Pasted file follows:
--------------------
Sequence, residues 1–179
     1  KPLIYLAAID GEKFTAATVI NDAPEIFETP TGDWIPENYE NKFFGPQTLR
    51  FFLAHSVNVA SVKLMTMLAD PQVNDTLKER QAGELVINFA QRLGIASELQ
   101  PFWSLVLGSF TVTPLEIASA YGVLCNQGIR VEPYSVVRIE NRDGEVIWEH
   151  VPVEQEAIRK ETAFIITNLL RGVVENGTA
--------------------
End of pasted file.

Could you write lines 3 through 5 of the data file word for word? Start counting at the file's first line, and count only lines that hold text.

    51  FFLAHSVNVA SVKLMTMLAD PQVNDTLKER QAGELVINFA QRLGIASELQ
   101  PFWSLVLGSF TVTPLEIASA YGVLCNQGIR VEPYSVVRIE NRDGEVIWEH
   151  VPVEQEAIRK ETAFIITNLL RGVVENGTA